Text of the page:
When Amy Schumer decided to call her first hour-long stand-up comedy special Mostly Sex Stuff, she wasn't being ironic or cute. There is Truth in Advertising, as the majority of the hour actually is devoted to material about male and female anatomy, relationships and sex. No one can say they weren't warned.
The special represents a leap forward for Schumer from the released of her debut album, Cutting, last year. On that record, the comedian fell back once too many on old Sarah Silverman-style tricks -- setting up a joke and then taking it to a dark, inappropriate place (AIDS or rape is a common punchline) but getting away with it by adopting a "Did I say something bad? I'm just a cute girl!" persona on stage. It was a good album, and demonstrated Schumer to be a gifted joke writer, but grew somewhat repetitive once we knew where every joke was going to turn. But with Sex Stuff, Schumer has (mostly) shed that approach to stand-up in favor of longer-form observational material and personal stories. It's a big jump to make in only a year's time (and suggests that Cutting didn't necessarily represent everything Schumer had to offer at the time), and the change suits her. There's much less ironic distance between her and the audience now, and the dark-punchline jokes like the ones she used to focus on so much ("You know what the worst part of being a female comic is? It's the rape.") are just peppered throughout the hour, almost as palette cleansers between the longer setups. That rhythm works well.
Mostly Sex Stuff may seem similarly repetitive to some because of its sameness of topic, but that's a repetition of subject matter, not style. It gives the special a kind of "concept" or thesis approach, as though this is going to be Schumer's "sex" hour on a future specials will focus on other single topics (there's no way of knowing if this is the case -- and it more than likely isn't -- but it's fun to extrapolate). What makes the special work so well is that Schumer's focus is on honesty, not shock value. There is a difference. She's not trying to get away with using as many anatomical terms as possible or be gross for grossness' sake. She's just being frank about sex, and we're not always used to female comics speaking that. When so many do, they are accused to going "too far" or trying to be "one of the guys" by speaking about sex in the way that men do. Schumer's not doing that. Hers is very much a female perspective, and the honesty of it (like when she talks about her first encounter with an uncircumcised penis, or the approach she takes to get her sexual partners to use protection) is a big part of what makes it so funny. If the audience is shocked by how blunt she's being, that's just a happy side effect.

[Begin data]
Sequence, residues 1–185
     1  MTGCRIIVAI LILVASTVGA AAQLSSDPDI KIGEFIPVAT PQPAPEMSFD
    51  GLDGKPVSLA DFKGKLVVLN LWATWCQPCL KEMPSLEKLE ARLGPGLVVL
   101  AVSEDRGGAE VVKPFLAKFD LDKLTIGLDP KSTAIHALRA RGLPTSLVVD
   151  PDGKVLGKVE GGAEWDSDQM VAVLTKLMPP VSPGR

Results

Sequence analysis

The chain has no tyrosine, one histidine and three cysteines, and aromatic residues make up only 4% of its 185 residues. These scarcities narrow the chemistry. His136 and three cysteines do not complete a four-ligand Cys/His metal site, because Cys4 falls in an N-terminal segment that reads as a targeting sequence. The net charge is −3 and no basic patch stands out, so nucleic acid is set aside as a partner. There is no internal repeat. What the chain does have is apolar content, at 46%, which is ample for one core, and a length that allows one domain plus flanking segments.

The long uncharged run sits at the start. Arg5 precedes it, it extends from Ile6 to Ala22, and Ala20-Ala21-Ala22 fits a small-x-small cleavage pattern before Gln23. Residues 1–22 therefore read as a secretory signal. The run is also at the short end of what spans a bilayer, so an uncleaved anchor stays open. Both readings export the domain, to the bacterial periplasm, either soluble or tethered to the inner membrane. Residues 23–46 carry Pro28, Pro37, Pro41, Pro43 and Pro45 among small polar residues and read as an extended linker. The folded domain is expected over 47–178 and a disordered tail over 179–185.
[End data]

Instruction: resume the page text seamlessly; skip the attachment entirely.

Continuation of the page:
Amy Schumer has had a big year, and her star is only continuing to rise. After releasing Cutting, she made a pair of high profile appearances on both the Comedy Central Roast of Charlie Sheen and the Comedy Central Roast of Roseanne, for which she rightfully received great reviews (both sets were highlights of their respective roasts). She's landed movie roles, including a small part in this year's Seeking a Friend for the End of the World. She currently has a series deal with Comedy Central for a show that will kick off in late 2012 or early 2013. She needs to be smart about the direction her career takes, as other high profile female comics have been in her exact position within the last few years and quickly torpedoed their goodwill with some questionable choices and bland TV projects. A special like Mostly Sex Stuff goes a long way towards establishing Schumer as a comic voice worth paying attention to, as it demonstrates that she's able to construct material that's longer and better-developed than the brilliant one-liners and insults she wrote on the roasts. For newcomers, it's a great introduction. For those of us that have been following her career since her time on Last Comic Standing, it's a terrific glimpse at just how far she's come as a comic.
- Comedy Central Premiere Date: 8/18/12